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Keep desire for change in Scotland going, says Kirk Moderator

26 September 2014


Joy cometh in the morning: sup­por­ters of the No campaign in Glasgow celebrate the result of the Scottish in­depen­­dence referendum on Friday

Joy cometh in the morning: sup­por­ters of the No campaign in Glasgow celebrate the result of the Scottish in­depen­­dence referendum on Friday

CHURCH leaders in Scotland have begun to lay out their vision for the nation as it starts to move on from the referendum campaign.

The constitutional questions were settled by the 55-per-cent vote to remain in the UK last Friday, but the Moderator of the General Assembly of the Church of Scotland, the Rt Revd John Chalmers, has said that the campaign to change Scotland must continue, with the Church at its heart.

Speaking shortly after the result was announced on Friday, he said that the Church had run events during the referendum campaign, in which it had invited Christians to "imagine Scotland's future", and that these would continue.

"We have already got the first meeting planned for 5 November," he said. "The level of participation of people in this debate probably hasn't been equalled anywhere in the world. The key now is not to lose that energy."

The Church of Scotland, along with all the main denominations, remained neutral on the independence question, but worked hard to engage ordinary people in the debate. Mr Chalmers said that neutrality did not mean disinterest: "We knew our membership would be as divided as the country. I initiated a project where, instead of the rough and tumble of debate, we would hold a respectful dialogue."

He said that the Church's efforts to "disagree without being disagreeable" seemed to have helped Scotland to remain calm after the campaign. "The first signs today are that the leaders of each side of the campaign have been very restrained in what they have had to say. Today, there has been no triumphalism, and an acknowledgement that those who had a lifelong commitment and passion for independence are feeling bereft."

Preaching at a service at St Giles's Cathedral, in Edinburgh, on Sunday, Mr Chalmers said: "Post-referendum, there are those who are elated . . . and there are those who are desperately disappointed. Feelings like these will take time to heal, and I want no one to think I think that there is a quick fix or an easy dusting down."

The Primus of the Scottish Episcopal Church, the Most Revd David Chillingworth, said before the vote: "I think some people have found the political discourse distressing. It will take time for those passions to fade. . . . Part of the reconciliation is to allow people to make much more nuanced statements which allow space for alternative views - encouraging a different kind of political discourse."

Bishop Chillingworth, who spent most of his ministry in Northern Ireland, said, however that it was encouraging that the Church remained a neutral voice during the independence debate.

"It is appropriate for us to be involved in values and standards, but not about which flag should fly. [That is] akin to sectarianism. Our faith, culture, and politics [could] become negatively intertwined."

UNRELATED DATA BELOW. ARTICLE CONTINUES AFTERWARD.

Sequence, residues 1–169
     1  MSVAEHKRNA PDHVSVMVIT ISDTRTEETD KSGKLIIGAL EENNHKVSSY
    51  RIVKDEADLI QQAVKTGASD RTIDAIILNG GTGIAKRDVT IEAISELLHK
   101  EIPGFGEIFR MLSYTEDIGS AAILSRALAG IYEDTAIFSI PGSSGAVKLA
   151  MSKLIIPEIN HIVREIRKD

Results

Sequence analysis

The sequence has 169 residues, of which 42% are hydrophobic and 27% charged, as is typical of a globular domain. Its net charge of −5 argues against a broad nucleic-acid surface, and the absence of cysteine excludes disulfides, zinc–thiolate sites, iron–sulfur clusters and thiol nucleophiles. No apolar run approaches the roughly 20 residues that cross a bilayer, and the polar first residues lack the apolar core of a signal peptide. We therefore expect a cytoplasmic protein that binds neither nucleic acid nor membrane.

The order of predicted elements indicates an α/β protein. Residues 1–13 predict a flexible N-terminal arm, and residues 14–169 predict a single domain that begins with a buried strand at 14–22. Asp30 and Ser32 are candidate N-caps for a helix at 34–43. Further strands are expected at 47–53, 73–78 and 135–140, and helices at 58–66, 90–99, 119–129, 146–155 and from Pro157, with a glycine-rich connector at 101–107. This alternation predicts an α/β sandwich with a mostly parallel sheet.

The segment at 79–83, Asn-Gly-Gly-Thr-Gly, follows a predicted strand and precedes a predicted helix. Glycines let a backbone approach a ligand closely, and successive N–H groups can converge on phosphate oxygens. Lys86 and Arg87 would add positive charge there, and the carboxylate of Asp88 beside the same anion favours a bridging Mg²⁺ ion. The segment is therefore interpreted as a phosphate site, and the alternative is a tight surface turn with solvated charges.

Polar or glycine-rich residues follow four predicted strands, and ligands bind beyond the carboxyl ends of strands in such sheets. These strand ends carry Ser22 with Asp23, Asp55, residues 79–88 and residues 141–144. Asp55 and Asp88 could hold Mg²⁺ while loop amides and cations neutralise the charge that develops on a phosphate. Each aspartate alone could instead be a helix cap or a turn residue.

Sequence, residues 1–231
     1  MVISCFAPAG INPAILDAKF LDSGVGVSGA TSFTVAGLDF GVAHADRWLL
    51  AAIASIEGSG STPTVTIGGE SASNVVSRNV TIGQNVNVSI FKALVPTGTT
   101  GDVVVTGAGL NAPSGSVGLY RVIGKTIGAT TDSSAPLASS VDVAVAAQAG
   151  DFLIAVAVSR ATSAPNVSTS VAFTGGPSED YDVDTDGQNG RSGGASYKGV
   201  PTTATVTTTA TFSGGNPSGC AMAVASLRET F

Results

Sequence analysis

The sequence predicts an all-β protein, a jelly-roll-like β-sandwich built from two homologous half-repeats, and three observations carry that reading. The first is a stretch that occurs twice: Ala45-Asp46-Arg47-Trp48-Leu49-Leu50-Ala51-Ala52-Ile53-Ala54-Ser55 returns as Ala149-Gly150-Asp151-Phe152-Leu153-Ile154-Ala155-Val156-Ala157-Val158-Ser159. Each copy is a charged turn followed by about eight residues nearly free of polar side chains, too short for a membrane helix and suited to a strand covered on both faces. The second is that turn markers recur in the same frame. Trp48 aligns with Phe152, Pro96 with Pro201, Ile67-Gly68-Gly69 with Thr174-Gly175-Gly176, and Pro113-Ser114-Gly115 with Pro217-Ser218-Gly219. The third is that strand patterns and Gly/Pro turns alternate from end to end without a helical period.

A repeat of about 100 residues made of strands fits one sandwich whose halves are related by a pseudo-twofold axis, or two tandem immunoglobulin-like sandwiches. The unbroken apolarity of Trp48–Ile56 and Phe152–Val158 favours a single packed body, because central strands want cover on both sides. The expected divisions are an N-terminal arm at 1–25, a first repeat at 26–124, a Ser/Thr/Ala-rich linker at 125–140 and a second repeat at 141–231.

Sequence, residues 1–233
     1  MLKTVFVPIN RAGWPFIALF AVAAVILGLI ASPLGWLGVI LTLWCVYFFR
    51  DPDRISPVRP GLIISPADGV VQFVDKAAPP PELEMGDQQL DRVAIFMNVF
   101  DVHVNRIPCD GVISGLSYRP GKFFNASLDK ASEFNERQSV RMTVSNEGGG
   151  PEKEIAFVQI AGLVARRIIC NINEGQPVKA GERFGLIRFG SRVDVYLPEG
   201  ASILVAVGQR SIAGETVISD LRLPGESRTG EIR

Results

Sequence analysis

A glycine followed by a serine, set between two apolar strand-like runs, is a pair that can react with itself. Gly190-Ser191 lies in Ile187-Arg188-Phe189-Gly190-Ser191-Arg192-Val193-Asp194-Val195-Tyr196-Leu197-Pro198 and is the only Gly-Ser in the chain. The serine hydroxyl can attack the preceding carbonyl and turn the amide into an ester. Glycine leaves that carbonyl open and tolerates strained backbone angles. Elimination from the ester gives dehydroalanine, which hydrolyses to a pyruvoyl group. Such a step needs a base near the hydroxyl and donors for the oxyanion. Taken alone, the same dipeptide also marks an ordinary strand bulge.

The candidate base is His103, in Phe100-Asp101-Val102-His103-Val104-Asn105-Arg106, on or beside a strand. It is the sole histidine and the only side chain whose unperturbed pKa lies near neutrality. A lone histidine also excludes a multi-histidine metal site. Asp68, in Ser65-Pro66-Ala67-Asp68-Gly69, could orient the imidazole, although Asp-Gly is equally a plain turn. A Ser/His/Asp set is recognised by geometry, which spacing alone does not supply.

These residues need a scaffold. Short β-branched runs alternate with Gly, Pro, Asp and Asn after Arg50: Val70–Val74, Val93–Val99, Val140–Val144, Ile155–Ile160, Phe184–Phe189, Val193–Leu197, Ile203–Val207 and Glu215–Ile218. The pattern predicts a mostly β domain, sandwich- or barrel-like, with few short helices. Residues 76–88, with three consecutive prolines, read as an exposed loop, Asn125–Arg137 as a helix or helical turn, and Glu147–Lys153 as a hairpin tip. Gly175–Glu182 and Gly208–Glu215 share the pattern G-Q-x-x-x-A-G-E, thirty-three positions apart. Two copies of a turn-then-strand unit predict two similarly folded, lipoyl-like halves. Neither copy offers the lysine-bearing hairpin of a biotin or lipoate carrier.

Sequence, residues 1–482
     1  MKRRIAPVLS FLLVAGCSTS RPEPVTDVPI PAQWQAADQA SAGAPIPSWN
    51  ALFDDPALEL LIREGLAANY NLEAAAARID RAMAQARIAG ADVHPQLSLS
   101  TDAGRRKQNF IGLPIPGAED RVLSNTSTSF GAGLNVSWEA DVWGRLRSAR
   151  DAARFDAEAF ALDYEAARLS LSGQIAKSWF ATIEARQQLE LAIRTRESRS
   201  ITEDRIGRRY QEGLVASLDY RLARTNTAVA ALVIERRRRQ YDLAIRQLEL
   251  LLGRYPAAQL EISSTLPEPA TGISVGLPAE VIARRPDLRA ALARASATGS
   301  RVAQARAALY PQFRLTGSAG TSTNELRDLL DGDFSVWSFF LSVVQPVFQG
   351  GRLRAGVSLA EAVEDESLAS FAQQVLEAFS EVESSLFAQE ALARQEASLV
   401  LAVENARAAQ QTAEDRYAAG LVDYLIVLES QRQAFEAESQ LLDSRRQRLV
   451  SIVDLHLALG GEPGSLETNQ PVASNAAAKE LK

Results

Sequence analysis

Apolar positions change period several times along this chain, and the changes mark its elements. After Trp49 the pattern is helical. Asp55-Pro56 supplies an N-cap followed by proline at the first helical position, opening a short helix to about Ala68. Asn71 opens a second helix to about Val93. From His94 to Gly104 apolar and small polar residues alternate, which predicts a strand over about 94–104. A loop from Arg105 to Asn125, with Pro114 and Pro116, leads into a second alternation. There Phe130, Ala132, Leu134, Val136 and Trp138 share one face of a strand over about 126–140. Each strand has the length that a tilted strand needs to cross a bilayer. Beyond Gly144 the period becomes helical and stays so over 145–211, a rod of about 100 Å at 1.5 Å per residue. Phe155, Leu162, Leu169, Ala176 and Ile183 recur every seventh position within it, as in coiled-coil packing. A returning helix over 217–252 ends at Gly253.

The Scottish Episcopal Church, he said, would also be involved in the process of change. "Who people are - will that be valued in a new Scotland which will emerge?" he asked. "That's a praying business and a talking business. We expect to be as vocal after [the vote] as we have been restrained before it."

Mr Chalmers said on Friday that the referendum campaign could be used as a springboard for the Church to begin to recapture the country's imagination. "I want the Church to be at the centre of public life, to be the social conscience and moral voice of the nation.

"I want it to be that, however, not because it is there by law established, but because . . . it has contributed something worth while."

Alison Elliott, the associate director of the Centre for Theology and Public Issues at the University of Edinburgh and a former Moderator of the General Assembly of the Church of Scotland, said on Friday that the Churches in Scotland deserved credit for the part they had played over the past two years.

"They now can say, this is what people in Scotland want the country to do; we have now got an agenda. [But] most of the things the Churches are concerned about didn't actually make any difference, whether you were independent or not.

"I'm unconvinced that social justice would be better delivered under independence. I think the things that are stopping social justice are in Scotland: they are fundamental human traits which we have to face up to. It is not a magic wand to change the constitution."

Neil MacLeod, an elder in the Free Church of Scotland who has been involved in the Church's debates over independence, said that the campaign had woken Christians up to their ability to make a difference.

"Anything that can get people interested in politics and prepared to vote . . . is good. Christians should realise the power they have to lobby their political representatives. The Christian priorities we would have for the poor, or against excess, if we can capture some of that engagement and use it to articulate what we would like to see in society - then that would be a good thing as well."


Coverage of last week's referendum by Tim Wyatt in Edinburgh:

Squabbling and prayers as Scotland goes to the polls

Scotland votes 'No' and Cameron promises to deliver

Welby calls for reconciliation in referendum aftermath

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